richmond — Putting the 2022 calendar in the trash inspires many to try turning over a new leaf in life, and they do it, resolutely or casually, as if it were as simple as flipping a page on a pretty calendar.
Commonly, they resolve to drink less, give up smoking, go to bed earlier, drive the speed limit, work out every day, lose pounds. Commonly, they’ve reverted to their regular lives by Groundhog Day.
One of the problems with these kinds of resolutions is that they apparently require changing a habit or two. And none of us seriously wants to do that.
The other problem, in a more global sense, is that all of the above resolutions are connected to me, me and more me, rather than he, she, they or we.
It’s our perpetual dilemma: We know what we should do, we know how to define it, we even know how to fit it into our lives. But we don’t really want to do it. Various so-called experts recommend a different direction, like doing an act of kindness every day or abandoning the habit of gossiping, both of which involve getting outside the “me” thing.
Seeing the other side — even when you disagree with it — would be a superb resolution for 2023. It would not have to include seeing the other side of everyone because those who swallow tales from QAnon and Marjorie Taylor-Greene are beyond the pale.
Cutting down on lying would be good. One researcher pointed out that everyone lies, and that experts say it starts at around age 2, which is about when most toddlers start to put two words together. By 4, they are well-versed in “I didn’t do it,” or “It wasn’t my fault,” or “He hit me first.” A journalist would question all those declarations.
The newly elected Congressman named George Santos should resolve to tell us who he is, soonest, since media sources say most of his curriculum vitae is more fictional than the tooth fairy’s and less acceptable. It is slightly terrifying to know that an apparently accomplished liar — inventor of childhood, career, education and financial acumen — should be joining a body of people where quite a few already tell tall tales. Perhaps Congress could resolve to vet colleagues as corporations and colleges do — for addiction, criminal records, validity of resume, etc.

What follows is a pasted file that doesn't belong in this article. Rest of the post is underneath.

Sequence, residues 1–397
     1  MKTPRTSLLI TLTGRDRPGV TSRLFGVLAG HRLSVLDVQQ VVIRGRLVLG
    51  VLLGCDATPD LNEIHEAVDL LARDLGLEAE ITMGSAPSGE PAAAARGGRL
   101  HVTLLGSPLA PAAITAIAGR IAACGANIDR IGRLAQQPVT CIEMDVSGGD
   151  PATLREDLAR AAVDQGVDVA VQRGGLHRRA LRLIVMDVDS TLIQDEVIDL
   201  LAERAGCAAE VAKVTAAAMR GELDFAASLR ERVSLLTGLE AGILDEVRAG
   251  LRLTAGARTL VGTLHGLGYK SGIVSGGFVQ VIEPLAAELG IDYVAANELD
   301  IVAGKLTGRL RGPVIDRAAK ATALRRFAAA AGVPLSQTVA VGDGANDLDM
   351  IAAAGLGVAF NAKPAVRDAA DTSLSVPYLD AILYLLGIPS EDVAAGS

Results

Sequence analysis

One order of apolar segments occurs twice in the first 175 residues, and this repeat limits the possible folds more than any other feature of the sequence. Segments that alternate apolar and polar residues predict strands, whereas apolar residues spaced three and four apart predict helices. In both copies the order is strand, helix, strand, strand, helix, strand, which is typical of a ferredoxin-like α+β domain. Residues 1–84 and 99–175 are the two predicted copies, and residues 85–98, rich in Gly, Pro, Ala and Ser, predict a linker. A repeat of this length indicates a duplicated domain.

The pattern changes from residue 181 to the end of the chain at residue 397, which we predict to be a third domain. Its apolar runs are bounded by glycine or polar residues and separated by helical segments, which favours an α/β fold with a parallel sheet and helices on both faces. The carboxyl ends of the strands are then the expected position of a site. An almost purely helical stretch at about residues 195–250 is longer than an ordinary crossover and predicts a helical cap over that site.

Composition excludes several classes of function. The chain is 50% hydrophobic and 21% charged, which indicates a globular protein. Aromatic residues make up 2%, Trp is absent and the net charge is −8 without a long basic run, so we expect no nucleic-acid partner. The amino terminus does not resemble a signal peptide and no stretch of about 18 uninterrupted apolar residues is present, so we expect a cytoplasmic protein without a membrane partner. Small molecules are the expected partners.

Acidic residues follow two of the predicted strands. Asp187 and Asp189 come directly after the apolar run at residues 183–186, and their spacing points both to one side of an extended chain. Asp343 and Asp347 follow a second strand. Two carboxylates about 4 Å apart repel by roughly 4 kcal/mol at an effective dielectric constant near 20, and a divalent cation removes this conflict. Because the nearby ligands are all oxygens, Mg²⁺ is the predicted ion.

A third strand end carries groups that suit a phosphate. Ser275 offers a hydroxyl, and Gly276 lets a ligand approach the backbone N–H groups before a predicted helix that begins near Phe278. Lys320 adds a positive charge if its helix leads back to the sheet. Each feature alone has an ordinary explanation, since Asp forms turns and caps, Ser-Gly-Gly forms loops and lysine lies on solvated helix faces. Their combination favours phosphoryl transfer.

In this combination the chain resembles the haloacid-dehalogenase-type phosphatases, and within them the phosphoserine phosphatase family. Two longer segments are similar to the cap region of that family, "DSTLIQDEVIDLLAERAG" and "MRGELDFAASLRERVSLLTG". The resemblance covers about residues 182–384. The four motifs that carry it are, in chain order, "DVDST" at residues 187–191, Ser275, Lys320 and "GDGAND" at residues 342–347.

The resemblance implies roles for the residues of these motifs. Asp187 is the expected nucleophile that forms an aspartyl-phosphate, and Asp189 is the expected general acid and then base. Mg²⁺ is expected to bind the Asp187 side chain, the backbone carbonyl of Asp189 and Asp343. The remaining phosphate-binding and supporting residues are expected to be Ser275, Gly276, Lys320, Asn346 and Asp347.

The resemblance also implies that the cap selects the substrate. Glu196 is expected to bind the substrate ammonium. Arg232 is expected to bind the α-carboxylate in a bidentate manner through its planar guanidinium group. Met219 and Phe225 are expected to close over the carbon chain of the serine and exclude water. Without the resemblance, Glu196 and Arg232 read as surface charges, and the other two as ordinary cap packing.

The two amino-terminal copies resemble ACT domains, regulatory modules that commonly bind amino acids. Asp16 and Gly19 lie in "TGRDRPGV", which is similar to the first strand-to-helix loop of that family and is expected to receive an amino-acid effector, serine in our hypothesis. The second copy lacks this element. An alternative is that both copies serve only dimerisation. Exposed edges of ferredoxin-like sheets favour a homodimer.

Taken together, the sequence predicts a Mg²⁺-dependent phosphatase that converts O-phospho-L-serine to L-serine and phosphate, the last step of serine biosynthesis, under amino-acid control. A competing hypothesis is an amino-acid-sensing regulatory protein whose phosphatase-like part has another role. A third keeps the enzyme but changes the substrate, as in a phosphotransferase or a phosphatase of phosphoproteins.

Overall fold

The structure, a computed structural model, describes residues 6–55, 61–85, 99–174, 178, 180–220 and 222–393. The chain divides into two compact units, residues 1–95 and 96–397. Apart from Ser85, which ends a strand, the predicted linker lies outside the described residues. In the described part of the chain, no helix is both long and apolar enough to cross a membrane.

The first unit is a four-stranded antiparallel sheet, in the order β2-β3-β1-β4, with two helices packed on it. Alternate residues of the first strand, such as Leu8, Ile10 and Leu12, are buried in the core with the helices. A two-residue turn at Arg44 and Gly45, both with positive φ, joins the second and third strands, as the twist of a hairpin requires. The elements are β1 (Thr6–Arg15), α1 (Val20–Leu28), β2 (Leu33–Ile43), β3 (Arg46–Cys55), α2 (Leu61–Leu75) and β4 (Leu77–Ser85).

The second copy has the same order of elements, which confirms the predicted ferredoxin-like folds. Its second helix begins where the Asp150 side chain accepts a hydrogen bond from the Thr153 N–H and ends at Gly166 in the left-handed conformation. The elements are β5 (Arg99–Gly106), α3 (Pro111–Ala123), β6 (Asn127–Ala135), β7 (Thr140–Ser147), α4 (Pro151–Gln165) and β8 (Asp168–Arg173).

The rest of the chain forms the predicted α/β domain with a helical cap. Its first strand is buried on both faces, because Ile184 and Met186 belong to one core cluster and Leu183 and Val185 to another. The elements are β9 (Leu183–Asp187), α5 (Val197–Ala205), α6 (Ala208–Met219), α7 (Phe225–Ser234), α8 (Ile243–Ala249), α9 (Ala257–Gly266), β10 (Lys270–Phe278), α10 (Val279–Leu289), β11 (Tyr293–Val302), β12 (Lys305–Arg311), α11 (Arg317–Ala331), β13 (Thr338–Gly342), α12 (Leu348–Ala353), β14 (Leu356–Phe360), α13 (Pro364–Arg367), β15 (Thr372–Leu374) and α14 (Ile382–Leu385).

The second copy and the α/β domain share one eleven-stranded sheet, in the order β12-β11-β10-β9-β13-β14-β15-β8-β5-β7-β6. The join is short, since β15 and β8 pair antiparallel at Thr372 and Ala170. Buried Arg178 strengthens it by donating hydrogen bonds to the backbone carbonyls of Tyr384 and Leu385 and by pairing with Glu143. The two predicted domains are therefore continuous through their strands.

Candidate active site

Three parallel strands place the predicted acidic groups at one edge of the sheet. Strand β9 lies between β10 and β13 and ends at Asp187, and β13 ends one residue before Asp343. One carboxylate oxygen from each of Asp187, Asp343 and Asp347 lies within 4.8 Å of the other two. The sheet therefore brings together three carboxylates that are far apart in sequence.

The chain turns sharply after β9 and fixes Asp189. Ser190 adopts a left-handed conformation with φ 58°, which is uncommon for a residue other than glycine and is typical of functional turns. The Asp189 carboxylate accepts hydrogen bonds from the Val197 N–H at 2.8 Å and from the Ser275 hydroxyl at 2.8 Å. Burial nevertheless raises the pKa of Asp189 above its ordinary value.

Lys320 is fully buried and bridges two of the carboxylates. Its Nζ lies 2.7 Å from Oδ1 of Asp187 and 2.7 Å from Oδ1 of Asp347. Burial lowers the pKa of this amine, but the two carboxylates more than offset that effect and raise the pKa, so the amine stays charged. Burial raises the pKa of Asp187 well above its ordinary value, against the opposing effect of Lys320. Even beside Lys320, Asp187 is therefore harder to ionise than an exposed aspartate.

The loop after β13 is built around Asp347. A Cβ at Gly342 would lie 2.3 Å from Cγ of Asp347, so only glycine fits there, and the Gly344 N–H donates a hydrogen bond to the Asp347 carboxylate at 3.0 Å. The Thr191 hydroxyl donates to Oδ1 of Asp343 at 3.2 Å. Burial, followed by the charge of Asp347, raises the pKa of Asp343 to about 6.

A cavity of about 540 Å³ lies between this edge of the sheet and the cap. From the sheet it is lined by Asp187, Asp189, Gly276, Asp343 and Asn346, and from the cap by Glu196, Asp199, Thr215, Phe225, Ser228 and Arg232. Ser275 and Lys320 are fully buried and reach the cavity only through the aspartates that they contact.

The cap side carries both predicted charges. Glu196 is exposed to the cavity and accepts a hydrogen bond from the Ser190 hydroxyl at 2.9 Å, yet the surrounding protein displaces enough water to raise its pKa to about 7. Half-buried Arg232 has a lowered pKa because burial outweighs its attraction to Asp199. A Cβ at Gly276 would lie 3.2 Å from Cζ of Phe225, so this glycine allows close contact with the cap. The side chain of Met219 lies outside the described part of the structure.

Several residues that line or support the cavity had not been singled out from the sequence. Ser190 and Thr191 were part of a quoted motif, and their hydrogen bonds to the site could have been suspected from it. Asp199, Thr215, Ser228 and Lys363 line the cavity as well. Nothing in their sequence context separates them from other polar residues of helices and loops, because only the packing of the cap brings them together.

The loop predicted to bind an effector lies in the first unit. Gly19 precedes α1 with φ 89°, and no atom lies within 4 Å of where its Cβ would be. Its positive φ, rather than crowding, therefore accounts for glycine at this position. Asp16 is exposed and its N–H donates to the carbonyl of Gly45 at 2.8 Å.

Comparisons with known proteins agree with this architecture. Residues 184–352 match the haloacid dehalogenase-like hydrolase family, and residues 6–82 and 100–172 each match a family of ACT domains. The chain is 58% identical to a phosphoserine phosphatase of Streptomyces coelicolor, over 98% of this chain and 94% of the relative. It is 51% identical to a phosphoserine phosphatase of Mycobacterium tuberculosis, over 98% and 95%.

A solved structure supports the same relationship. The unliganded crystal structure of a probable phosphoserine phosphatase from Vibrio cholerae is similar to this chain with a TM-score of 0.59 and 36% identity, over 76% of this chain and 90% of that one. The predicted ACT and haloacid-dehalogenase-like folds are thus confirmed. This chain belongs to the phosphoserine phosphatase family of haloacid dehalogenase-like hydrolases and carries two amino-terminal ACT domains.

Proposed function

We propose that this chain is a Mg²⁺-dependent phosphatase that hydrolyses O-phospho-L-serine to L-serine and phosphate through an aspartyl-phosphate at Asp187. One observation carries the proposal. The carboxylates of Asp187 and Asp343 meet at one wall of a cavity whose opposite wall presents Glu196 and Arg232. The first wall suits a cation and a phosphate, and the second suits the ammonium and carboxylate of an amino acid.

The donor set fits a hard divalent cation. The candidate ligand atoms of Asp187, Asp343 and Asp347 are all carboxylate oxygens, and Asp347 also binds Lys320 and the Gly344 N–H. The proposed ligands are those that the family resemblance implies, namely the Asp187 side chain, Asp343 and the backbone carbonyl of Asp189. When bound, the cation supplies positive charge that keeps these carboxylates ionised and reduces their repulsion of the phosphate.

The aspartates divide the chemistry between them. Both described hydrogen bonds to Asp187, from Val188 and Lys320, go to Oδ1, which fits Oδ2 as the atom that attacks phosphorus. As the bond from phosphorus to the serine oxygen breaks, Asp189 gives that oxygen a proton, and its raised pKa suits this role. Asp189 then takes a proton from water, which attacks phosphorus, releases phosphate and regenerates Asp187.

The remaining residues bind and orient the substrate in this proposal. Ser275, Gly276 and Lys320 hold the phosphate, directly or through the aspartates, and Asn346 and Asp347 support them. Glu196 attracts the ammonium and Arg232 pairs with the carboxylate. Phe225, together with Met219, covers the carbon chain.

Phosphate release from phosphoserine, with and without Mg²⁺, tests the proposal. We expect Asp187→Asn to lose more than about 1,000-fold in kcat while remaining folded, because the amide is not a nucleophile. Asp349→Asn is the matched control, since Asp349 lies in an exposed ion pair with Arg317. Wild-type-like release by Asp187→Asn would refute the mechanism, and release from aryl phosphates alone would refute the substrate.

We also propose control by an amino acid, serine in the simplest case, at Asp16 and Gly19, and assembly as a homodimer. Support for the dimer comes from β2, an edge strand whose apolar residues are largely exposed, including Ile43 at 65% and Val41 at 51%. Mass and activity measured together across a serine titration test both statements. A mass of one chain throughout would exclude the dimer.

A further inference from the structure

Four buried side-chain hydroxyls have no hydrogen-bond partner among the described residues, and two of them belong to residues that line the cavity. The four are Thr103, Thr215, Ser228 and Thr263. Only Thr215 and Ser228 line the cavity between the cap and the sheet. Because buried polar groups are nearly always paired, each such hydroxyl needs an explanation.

In a boost-your-city resolution, city councilors might resolve to follow Police Chief Michael Wynn‘s shopping on North Street adventure and go store to store, making purchases and conversation, lifting spirits and economics. And even nicer if more Berkshire residents did, even though dealing with parking can be frustrating. (I have a 90-minute place to park where it’s free, only requiring a little extra walking.)
Speaking of Pittsfield, perhaps whoever is in charge of road budgets could resolve to finish repairs in places where concrete barriers have remained forever. On Barker Road, a small bridge has been under repair so long that the yellow lines defining lanes have long since faded. On Pecks Road, a one-way stretch finds drivers scooting left on red, perhaps impatient with years of a “temporary” light.
Multiple resolutions need to be made about the homeless. They need food, they need shelter, they need to be warm, they are people. Asking why they don’t get a job, what they’ll do with the $5 you hand out of your car window or discarding them as mentally ill and therefore not important are odd stances to take when we are supposed to be part of a nation where all are declared equal (not yet, as the unequal can tell you) and have the right to life, liberty and the pursuit of happiness.
All employers and employees could resolve to create a better workplace by not bullying or harassing those who work with them. It’s distressing, too often, to read of major changes in a company or institution because of the “toxic work environment.” The same goes for schools, where both students and teachers could change their 8 to 3 world by not bullying, which includes texts, words, sarcasm, social media comments and shunning, inflicted on students by students and on students by teachers.
I personally hope the entire Red Sox team will resolve to stop looking like Little League or T-ball with infield bobbles and outfield judgments that leave the ball on the ground between two professionals.
Our annual addiction to making promises we probably won’t keep goes back centuries. People promised their gods at the start of each year that they would return borrowed objects and pay their debts. And in the Middle Ages, those historically glamorous knights resolved each year to honor their commitment to chivalry. We have no idea how many days these pledges held fast.
In the meantime, may everyone who has the courage to make a resolution find that it works for six months or more. For me, it’s double-checking the date on a check I write. Groundhog Day all over again.